Learning at Work Week in May is the biggest employer-led festival of workplace learning. It is all about reminding people of the fun of learning and to celebrate all the different ways we can acquire knowledge and grow as individuals. It’s a great opportunity for Learning and Development or HR teams to remind colleagues what’s available in-house as well as helping create a culture of learning.
This year’s theme is around ‘Shaping the Future’ which opens up a host of interesting themed discussions on the future for your particular organisation. The three strands, Future Open, Future Ready, and Future Active are all fun themes that can spark a whole host of innovative ways to promote learning. Throughout May we’ll be addressing each of these themes via our people development blog.
There’s a whole host of ideas as well as promotional resources available on the Learning at Work week website.
I’ve added a few of my own ideas below:
Invite employees to share their hobbies and interests by hosting lunch and learn sessions. These don’t have to be work-related, instead focusing on outside work interests. I’ve seen presentations on making a hanging basket to how to master Twitter and Instagram. Anything that gets people together, talking and making connections is the aim here. Those that take part benefit from a confidence boost and some presentation skills practice.
Get leaders to share their top learning tips through a series of blogs. I once posted a Q and A with a well-respected senior leader on their learning tips which was a great read and revealed they were a big fan of the Harvard Business Review to help them keep up to date with best leadership practice.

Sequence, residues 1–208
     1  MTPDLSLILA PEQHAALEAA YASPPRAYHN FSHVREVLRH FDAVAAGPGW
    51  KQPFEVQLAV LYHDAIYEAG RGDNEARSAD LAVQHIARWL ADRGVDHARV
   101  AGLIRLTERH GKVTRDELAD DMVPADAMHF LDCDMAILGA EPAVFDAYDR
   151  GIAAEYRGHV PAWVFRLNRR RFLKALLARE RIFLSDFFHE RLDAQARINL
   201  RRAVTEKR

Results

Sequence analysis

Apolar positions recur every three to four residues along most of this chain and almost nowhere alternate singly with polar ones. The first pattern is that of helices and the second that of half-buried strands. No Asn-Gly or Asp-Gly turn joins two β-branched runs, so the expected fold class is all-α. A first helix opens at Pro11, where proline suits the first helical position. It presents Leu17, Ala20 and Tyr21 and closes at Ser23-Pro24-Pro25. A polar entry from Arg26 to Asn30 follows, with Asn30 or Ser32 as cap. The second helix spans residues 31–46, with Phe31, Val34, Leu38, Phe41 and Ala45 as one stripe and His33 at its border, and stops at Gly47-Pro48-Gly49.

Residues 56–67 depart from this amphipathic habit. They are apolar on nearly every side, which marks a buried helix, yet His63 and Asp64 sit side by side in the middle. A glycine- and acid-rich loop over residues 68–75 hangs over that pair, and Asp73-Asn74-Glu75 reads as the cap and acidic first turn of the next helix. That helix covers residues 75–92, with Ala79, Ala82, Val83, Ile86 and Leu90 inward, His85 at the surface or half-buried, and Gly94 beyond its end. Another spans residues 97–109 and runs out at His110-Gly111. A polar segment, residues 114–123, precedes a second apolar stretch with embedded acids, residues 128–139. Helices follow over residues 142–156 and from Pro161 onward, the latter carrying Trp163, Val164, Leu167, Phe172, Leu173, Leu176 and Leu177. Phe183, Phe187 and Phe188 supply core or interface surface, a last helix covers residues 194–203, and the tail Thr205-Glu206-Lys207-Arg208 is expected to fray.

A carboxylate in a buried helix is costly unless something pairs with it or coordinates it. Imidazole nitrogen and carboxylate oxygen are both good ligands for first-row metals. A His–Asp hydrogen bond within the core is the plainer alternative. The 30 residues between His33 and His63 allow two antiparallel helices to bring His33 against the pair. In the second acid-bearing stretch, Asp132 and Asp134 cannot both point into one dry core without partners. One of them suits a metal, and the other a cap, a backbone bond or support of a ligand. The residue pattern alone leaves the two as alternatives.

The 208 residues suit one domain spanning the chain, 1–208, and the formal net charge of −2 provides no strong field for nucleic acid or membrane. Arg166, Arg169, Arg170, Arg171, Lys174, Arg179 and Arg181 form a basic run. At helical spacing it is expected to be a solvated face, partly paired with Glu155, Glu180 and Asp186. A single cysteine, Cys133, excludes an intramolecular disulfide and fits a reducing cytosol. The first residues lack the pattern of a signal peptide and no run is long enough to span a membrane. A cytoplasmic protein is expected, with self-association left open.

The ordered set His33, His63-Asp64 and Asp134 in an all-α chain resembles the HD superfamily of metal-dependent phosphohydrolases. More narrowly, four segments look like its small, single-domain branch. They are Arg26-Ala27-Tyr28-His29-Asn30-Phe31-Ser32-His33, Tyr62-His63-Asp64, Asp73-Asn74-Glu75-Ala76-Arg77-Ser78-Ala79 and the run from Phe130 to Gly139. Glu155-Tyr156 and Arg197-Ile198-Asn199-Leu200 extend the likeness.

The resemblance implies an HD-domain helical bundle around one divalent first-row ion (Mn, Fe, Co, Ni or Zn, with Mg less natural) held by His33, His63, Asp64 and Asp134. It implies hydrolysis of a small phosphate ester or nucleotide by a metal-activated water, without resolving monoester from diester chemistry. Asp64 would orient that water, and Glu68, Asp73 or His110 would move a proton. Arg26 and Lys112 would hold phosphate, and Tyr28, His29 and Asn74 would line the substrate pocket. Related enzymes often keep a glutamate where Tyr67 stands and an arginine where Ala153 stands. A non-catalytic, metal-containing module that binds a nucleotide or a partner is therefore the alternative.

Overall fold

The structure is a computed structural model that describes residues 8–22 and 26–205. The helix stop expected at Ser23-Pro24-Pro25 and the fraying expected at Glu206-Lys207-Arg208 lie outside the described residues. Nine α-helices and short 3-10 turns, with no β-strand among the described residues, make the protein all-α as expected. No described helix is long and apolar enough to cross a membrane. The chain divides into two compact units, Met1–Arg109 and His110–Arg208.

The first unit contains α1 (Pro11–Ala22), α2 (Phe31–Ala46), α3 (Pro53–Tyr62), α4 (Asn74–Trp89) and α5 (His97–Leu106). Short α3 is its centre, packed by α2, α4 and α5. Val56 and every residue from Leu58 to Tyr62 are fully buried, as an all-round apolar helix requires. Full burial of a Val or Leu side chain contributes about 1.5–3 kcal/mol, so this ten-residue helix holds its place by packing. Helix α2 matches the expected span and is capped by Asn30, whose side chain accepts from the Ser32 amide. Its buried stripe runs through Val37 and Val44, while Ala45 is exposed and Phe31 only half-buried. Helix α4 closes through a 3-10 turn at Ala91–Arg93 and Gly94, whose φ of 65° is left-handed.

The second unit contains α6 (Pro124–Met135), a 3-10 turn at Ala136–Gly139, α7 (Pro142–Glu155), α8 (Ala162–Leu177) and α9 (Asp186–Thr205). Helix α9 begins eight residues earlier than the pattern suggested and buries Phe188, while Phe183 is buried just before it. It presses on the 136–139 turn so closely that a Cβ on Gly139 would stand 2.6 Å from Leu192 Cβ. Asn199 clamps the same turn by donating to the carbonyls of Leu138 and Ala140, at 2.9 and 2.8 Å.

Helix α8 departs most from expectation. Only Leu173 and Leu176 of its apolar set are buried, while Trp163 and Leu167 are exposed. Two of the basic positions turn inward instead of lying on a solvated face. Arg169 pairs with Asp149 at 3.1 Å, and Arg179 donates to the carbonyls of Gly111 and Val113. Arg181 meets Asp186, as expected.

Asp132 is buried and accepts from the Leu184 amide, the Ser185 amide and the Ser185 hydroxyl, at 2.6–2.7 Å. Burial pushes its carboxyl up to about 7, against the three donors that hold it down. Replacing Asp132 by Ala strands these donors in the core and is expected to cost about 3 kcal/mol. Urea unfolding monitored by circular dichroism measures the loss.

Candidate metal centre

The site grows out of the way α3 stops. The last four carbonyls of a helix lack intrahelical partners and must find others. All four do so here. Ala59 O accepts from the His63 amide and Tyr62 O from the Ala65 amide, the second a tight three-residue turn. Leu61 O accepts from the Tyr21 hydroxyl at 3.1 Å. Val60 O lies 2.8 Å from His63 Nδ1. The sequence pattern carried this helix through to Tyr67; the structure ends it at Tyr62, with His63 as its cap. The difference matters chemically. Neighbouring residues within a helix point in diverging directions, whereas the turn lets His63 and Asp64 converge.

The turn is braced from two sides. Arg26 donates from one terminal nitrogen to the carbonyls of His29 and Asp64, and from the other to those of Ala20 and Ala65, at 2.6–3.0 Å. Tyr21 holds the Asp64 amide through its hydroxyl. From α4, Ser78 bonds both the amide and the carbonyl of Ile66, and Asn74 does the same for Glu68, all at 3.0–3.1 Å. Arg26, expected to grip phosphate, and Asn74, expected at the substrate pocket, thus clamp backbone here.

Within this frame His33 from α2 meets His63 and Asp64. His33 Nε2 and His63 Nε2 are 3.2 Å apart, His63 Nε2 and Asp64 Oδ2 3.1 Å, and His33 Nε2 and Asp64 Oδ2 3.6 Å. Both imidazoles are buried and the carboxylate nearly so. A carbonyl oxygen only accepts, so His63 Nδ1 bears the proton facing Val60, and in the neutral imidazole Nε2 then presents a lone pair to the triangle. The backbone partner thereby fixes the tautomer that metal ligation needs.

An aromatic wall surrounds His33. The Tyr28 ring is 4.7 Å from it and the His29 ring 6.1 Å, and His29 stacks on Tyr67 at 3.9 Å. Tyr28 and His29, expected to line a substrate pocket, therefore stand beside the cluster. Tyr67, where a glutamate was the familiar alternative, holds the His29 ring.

Run some mini learning events to encourage skill development e.g. half-day workshops on career development or presentation skills. These can run through the whole month with a focus on personal learning and development.
These could be backed up with the offer of mini-coaching sessions. Often people are unsure about using coaching to talk through their career plans or personal goals, so a 20-minute mini-session may help introduce the idea of coaching as a legitimate learning and development tool.
A themed approach is best for maximum impact and treating it like a campaign rather than a series of unconnected events. Aligning with current strategic needs can help set the direction. There are some great case studies on the Learning at Work week website to help give you inspiration.